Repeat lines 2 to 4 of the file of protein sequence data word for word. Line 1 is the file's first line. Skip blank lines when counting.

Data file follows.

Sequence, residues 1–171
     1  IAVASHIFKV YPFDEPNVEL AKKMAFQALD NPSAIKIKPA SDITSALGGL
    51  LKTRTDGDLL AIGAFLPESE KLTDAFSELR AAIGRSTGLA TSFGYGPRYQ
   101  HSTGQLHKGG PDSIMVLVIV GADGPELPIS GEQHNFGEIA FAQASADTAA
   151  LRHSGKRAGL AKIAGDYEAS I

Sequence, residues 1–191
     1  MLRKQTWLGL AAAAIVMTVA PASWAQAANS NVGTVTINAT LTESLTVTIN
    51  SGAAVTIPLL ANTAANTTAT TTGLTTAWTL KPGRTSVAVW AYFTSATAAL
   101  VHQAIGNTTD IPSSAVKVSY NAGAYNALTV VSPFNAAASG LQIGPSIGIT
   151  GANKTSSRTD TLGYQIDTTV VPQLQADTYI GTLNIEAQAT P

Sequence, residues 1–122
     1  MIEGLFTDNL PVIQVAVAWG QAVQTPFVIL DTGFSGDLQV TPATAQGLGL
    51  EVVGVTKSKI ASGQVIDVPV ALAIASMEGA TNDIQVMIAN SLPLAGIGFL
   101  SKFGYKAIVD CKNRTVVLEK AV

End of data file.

     1  IAVASHIFKV YPFDEPNVEL AKKMAFQALD NPSAIKIKPA SDITSALGGL
    51  LKTRTDGDLL AIGAFLPESE KLTDAFSELR AAIGRSTGLA TSFGYGPRYQ
   101  HSTGQLHKGG PDSIMVLVIV GADGPELPIS GEQHNFGEIA FAQASADTAA